Common broomweed (Amphiachyris dracunculoides [DC] Nutt. Ex Rydb.) is an annual forb that occurs throughout the southern Great Plains, USA. During years of abundant growth, broomweed is problematic because it can reduce grass production and interfere with livestock foraging. In contrast, the canopy structure of broomweed may provide habitat cover for wildlife, including the northern bobwhite quail (Colinus virginianus Linnaeus). During an extreme outbreak of broomweed in north Texas in 2007, we observed apparent differences in broomweed individual plant growth characteristics in mesquite (Prosopis glandulosa Torr.) woodland areas versus areas that had recently been cleared of mesquite. Our objective was to document differences at the individual plant and population levels. Individual plant mass, canopy diameter, and basal stem diameter were much greater in the cleared treatment than the mesquite woodland. In contrast, plant height was greater in the woodland than in the cleared treatment. Population variables of stand-level production, percentage canopy cover, plant density, and visual obstruction were not different between treatments. Total perennial grass production was greater in the cleared than the woodland treatment, because of the negative effect of mesquite on grass production. Variations in broomweed growth characteristics may have implications regarding livestock foraging and wildlife habitat.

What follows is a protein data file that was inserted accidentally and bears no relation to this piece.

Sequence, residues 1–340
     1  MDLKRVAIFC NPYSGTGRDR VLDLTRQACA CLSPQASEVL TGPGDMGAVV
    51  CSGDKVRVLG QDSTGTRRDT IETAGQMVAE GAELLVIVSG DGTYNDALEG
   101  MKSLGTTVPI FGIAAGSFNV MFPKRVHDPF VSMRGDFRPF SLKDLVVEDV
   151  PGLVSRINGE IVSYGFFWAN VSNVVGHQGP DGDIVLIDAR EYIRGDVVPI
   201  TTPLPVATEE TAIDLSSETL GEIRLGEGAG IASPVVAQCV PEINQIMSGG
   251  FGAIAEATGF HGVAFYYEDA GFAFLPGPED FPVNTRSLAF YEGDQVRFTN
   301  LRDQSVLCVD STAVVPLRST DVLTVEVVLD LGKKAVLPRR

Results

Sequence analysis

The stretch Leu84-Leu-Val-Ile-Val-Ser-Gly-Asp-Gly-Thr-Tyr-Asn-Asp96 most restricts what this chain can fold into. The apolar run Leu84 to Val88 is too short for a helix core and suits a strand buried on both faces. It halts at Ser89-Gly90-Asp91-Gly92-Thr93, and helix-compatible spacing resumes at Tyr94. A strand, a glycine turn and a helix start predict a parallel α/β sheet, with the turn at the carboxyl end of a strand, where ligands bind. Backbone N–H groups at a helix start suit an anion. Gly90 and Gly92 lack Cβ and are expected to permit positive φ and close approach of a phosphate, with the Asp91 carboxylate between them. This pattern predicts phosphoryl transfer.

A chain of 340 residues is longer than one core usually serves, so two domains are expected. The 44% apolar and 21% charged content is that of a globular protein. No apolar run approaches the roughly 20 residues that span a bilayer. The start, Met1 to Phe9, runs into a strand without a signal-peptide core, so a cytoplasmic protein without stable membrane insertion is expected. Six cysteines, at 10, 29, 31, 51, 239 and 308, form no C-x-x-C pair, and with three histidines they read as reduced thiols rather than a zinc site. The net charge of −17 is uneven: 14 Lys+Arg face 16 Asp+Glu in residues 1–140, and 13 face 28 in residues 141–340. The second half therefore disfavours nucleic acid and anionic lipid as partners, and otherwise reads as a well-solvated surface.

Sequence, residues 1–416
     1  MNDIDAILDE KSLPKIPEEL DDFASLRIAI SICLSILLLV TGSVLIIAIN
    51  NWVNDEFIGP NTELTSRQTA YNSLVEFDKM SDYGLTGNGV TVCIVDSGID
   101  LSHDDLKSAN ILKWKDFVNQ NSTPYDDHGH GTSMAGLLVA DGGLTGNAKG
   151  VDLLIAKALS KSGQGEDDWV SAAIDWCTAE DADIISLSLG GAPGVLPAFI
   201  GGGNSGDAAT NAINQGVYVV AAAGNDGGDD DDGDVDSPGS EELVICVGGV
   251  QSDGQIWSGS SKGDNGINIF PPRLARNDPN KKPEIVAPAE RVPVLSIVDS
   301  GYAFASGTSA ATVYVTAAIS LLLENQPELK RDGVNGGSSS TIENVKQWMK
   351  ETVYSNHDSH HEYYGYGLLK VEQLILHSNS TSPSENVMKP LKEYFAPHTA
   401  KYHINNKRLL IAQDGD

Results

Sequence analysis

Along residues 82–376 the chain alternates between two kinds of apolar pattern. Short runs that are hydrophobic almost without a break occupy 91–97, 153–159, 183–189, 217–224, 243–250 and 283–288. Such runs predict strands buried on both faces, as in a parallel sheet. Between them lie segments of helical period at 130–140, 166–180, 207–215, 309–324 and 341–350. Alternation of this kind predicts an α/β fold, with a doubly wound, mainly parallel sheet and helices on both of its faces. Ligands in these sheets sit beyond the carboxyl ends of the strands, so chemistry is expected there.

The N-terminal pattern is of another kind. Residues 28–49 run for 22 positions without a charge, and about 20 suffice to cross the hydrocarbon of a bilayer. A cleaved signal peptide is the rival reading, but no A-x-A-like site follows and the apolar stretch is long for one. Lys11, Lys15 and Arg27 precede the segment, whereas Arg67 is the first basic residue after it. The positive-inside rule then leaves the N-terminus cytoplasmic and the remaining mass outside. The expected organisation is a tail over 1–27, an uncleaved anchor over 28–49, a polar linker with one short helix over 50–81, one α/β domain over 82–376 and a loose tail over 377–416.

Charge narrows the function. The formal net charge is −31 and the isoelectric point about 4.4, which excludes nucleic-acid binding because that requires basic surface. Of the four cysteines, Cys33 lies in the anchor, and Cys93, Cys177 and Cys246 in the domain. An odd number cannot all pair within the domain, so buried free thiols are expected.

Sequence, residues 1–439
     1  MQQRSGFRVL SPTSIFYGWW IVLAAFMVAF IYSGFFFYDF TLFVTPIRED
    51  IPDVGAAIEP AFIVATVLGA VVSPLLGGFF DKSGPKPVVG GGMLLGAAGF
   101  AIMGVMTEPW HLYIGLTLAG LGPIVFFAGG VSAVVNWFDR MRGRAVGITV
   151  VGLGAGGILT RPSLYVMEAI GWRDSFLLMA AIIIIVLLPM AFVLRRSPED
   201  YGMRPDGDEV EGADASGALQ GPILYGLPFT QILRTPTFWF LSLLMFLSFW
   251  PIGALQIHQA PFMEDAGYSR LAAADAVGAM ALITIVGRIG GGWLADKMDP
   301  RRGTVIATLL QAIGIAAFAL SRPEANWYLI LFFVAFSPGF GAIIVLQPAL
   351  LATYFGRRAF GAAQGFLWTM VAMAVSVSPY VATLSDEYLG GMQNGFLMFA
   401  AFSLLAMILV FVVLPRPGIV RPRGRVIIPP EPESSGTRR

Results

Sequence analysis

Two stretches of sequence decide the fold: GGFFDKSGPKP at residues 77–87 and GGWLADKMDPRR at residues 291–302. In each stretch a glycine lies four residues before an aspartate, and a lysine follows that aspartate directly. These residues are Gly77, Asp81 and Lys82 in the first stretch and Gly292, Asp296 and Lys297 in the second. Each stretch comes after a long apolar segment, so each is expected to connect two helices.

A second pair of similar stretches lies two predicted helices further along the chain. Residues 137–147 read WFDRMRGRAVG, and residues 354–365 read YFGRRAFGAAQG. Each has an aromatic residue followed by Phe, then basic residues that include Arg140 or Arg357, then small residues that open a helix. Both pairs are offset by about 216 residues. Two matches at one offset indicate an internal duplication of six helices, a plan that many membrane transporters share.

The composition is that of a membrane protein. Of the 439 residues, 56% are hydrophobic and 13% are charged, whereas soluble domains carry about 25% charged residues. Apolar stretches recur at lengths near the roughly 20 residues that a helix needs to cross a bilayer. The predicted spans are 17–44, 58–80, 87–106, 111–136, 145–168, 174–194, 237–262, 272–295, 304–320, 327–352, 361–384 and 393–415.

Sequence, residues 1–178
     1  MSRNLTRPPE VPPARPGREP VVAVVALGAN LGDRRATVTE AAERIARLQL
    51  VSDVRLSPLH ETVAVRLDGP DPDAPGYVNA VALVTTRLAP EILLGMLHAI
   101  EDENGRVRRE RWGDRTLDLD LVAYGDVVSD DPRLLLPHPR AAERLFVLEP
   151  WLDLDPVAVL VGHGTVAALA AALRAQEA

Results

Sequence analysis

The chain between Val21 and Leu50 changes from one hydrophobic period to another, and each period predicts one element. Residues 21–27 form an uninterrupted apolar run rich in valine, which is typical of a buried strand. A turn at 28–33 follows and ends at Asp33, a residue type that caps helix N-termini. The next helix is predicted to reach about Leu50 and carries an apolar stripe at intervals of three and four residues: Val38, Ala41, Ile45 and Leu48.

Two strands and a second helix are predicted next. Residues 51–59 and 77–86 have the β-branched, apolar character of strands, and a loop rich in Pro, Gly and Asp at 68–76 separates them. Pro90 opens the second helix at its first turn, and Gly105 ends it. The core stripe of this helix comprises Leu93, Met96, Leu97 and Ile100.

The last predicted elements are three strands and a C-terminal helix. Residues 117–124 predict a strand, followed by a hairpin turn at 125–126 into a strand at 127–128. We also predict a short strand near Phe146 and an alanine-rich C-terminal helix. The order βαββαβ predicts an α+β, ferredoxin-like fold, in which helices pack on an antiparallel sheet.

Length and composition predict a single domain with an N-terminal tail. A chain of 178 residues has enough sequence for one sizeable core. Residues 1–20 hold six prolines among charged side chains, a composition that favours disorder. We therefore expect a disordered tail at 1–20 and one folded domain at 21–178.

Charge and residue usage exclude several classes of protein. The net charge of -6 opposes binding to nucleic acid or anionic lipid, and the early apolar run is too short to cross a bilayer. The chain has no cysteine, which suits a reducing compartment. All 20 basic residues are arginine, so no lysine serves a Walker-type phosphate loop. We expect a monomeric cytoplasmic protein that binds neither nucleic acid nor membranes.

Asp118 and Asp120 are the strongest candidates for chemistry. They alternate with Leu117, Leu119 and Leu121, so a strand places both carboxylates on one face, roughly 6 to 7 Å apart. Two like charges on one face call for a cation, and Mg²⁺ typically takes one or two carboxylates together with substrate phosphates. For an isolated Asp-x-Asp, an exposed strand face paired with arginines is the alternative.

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Vol. 61 • No. 5